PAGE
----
independence. And as good democrats, the losers have accepted the verdict.
Yet those who were expecting to see the supporters of independence dispirited and those who hoped that the issue of independence was settled for at least a generation were quickly disappointed.
September 19, 2014 -- Links International Journal of Socialist Renewal -- Sinn Féin President Gerry Adams, commenting on the result of the Scottish independence referendum, said, "all of us now need to focus on getting the Westminster elites, the British prime minister and the leaders of the two other main political parties to honour the commitments made -- not least about the north [of Ireland] -- where PM David Cameron said there needed to be extra powers given."
He went on to say, "London was notorious for making and breaking commitments but we will try and keep them to that."
[English at http://links.org.au/node/4062.]
Por Alister Black, Glasgow
21/09/ 2014 -- Sinpermiso -- Después de dos años de campaña, referéndum de independencia de Escocia ha terminado. La victoria ha sido para el NO, para quienes se oponen a la independencia, con un respaldo del 55% en comparación al 45% que apoyó un SI a la independencia.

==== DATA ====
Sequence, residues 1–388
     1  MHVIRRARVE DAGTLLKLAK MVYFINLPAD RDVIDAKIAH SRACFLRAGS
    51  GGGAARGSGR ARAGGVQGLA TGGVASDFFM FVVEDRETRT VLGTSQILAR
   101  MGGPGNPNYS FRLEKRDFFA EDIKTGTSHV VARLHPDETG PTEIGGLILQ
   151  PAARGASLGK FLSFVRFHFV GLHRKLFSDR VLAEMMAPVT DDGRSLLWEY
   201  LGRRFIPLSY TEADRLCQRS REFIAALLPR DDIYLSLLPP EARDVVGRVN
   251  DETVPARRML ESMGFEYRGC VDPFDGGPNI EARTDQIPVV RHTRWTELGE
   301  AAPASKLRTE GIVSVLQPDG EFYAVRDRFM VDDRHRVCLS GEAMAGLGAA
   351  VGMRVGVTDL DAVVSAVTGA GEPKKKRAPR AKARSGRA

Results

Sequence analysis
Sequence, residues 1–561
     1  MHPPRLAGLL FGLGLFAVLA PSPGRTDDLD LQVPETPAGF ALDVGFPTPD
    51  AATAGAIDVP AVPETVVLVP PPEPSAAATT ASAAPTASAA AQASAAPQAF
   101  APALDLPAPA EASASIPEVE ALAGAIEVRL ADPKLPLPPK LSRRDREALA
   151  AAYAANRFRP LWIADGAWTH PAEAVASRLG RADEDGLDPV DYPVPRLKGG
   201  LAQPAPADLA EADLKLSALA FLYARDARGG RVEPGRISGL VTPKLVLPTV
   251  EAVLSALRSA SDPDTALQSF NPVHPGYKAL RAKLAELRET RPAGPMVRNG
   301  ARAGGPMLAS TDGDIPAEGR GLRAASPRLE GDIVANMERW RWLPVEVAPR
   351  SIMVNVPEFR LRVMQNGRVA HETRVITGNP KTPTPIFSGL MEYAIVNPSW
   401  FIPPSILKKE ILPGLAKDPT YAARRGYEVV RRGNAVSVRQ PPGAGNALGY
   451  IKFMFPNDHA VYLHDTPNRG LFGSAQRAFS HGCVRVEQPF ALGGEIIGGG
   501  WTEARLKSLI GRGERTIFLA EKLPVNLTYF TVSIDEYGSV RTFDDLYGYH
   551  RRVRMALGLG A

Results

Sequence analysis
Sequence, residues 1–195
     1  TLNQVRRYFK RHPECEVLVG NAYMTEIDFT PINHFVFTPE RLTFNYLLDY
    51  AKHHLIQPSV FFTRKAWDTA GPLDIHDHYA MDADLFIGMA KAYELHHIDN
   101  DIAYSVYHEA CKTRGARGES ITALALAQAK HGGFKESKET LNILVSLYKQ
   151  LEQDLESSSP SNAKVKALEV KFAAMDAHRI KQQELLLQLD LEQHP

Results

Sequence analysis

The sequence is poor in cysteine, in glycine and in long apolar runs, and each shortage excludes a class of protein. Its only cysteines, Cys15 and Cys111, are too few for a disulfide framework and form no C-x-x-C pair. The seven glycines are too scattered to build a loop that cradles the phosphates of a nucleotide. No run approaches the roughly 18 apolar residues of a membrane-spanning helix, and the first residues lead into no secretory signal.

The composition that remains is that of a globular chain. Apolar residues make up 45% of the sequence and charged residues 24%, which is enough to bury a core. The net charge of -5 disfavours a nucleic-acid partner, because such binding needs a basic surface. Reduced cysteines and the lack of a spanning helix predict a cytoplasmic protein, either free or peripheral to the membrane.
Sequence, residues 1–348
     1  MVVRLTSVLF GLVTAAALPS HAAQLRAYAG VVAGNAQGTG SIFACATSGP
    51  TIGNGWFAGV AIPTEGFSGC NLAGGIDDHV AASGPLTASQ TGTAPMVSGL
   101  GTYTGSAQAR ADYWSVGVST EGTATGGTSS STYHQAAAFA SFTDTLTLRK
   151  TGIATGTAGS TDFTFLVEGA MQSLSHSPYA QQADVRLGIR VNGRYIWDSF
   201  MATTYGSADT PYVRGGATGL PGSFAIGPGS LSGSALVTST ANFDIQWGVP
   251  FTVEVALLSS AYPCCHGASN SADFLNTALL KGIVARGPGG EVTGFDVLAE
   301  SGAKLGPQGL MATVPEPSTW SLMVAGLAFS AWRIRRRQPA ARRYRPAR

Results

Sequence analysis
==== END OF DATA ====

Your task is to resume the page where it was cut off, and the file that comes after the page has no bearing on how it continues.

El referéndum registró un nivel sin precedentes de participación y debate en toda Escocia. Esto se reflejó en la enorme participación sin precedentes del 84,59%, que invierte la tendencia de las últimas décadas de un declive de la participación electoral. Algunas zonas rurales han tenido un 100% de participación.
Los activistas independentistas, especialmente de la Campaña Radical por la Independencia, registraron en el censo electoral a miles de personas, en especial en las comunidades más pobres y marginadas de Escocia, en las que mucha gente había dejado de registrarse y votar desde la campaña contra la contribución urbana (poll tax).
Scotland: 45% vote Yes despite ruling class panic; Business as usual is not an option; Labour for Independence statement
By Alister Black, Glasgow
September 20, 2014 -- Green Left Weekly -- After two years of campaigning, Scotland’s independence referendum has ended. It saw victory for the No side, the opponents of independence, with 55% compared to 45% who backed a Yes to independence.
The referendum saw an unprecedented level of political engagement and debate throughout Scotland. This was reflected in the huge and unprecedented turnout of 84.59%, reversing the trend of recent decades of dwindling poll turnouts. Some rural areas even recorded 100% turnout.
Pro-independence campaigners, especially around the Radical Independence Campaign, registered thousands to vote in Scotland’s poorest and most marginalised communities, where many had been off the voters roll since the days of the poll tax.
We spoke to people who had never voted and needed the process explained. These alienated communities were enfranchised by the referendum.